The news of the last couple of days has brought two reminders of the continuity of problematic corporate behavior in Iraq. Texas oilman Oscar Wyatt pleaded guilty on October 1 to paying massive kickbacks to Saddam Hussein’s government in 2001 in order to secure oil contracts and defraud the UN oil-for-food program. Then, this morning’s top New York Times headline is of a Congressional report on Blackwater USA’s excessive use of violence in its private security work in Iraq, including over 200 shootings since 2005.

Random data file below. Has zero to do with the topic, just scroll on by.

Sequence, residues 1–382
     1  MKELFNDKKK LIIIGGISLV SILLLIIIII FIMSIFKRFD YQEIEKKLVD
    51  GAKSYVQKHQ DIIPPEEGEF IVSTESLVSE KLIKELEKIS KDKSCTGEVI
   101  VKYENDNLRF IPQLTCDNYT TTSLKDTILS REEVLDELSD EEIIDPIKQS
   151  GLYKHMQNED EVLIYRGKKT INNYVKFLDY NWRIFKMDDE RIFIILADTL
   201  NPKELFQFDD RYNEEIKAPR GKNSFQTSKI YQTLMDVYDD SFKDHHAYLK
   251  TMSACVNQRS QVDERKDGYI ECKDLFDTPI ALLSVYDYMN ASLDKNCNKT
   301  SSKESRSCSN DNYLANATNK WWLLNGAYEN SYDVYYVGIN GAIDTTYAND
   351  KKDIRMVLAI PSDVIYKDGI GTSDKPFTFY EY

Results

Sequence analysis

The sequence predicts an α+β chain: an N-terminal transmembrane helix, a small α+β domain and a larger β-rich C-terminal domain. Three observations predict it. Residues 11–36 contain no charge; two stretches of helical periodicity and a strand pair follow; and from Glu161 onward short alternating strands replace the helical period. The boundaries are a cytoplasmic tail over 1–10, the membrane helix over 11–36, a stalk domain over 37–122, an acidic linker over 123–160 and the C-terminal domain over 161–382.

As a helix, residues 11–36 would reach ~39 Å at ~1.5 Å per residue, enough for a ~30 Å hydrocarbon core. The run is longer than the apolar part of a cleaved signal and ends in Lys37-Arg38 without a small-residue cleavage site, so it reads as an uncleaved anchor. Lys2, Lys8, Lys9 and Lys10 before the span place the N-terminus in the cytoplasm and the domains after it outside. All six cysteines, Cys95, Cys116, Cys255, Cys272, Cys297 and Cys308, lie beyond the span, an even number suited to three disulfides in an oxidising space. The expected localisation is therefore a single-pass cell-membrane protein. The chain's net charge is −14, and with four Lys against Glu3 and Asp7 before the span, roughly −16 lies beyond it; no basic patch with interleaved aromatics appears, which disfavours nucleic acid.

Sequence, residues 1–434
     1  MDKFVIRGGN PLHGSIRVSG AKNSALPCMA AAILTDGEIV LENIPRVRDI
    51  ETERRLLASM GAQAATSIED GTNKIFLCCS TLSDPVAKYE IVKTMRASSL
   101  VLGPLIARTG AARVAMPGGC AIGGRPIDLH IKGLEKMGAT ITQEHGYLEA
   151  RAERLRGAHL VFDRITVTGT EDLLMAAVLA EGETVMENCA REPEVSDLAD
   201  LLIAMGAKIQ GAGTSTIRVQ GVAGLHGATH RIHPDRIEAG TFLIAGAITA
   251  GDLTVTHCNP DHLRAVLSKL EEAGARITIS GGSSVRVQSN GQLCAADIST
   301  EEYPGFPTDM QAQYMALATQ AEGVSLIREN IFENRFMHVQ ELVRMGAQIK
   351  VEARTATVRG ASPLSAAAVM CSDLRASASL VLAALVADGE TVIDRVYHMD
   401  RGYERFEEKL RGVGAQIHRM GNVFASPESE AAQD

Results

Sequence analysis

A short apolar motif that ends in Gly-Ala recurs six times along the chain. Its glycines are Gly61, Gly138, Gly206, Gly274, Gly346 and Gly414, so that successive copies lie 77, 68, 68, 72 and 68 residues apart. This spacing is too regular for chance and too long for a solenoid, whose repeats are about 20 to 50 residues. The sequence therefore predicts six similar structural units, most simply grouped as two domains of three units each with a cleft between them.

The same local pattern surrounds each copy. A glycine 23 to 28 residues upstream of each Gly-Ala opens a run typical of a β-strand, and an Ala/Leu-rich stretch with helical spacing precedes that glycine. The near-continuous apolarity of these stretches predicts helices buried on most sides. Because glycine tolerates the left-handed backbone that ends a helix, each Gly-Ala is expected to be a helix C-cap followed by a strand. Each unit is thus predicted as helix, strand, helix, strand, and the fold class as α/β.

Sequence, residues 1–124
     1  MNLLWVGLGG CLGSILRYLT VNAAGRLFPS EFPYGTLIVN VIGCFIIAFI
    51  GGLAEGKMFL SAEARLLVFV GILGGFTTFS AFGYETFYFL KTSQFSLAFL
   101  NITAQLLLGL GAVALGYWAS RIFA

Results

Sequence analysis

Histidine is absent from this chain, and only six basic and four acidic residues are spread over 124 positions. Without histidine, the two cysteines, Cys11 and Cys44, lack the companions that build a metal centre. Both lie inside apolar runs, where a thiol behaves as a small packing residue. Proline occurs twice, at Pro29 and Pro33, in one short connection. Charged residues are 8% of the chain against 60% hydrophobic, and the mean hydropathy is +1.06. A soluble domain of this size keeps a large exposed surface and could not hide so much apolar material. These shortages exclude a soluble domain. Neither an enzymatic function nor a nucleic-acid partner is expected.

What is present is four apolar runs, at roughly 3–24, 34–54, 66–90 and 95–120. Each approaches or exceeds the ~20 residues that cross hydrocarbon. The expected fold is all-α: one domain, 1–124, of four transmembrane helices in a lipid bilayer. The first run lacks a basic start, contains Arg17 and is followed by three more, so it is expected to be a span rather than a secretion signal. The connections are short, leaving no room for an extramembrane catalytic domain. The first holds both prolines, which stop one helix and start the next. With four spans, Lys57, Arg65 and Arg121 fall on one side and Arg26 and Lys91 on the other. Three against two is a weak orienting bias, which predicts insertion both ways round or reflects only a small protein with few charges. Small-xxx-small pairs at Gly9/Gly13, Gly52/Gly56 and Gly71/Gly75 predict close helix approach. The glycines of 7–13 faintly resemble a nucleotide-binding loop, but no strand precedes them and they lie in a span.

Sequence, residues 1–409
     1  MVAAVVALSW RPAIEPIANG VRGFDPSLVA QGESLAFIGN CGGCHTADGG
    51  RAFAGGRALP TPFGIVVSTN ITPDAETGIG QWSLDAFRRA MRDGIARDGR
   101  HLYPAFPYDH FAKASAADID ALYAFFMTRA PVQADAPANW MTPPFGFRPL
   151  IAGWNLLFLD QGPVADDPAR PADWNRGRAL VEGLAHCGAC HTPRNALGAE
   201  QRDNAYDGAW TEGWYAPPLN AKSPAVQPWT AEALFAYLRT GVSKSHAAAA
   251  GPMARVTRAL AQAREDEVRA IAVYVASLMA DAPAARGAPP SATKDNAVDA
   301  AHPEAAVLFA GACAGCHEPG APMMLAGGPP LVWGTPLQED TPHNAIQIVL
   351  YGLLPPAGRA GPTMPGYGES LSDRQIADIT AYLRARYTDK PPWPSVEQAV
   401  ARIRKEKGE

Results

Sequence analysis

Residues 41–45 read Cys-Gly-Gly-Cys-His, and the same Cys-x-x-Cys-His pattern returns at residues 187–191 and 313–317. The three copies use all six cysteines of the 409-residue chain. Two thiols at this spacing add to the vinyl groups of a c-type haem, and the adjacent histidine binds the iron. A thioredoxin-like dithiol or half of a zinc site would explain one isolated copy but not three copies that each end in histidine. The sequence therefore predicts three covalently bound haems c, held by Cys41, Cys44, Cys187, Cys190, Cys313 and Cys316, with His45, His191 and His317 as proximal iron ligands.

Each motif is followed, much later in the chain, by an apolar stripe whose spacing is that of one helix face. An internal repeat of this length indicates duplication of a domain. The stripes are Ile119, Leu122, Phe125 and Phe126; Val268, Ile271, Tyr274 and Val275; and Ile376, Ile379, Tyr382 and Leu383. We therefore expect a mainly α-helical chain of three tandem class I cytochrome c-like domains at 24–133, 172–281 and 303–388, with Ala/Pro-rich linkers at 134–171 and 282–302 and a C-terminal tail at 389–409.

The juxtaposition of these moments, together with reading a 2004 article by oil violence in Nigeria by Michael Watts this morning, reinforces to me the importance of critically engaging mechanisms for addressing transnational state-corporate relationships more effectively. Numerous scholars, such as Laura Dickinson, Robert Dufresne, Lillian Miranda, and me, have tackled this terrain, but the persistence of these dynamics suggests that meaningful legal change is needed. The recognition of state sovereignty over natural resources, even when not grounded in popular sovereignty, combined with the national and subnational levels at which we regulate corporate behavior create a staging ground for these kinds of excesses.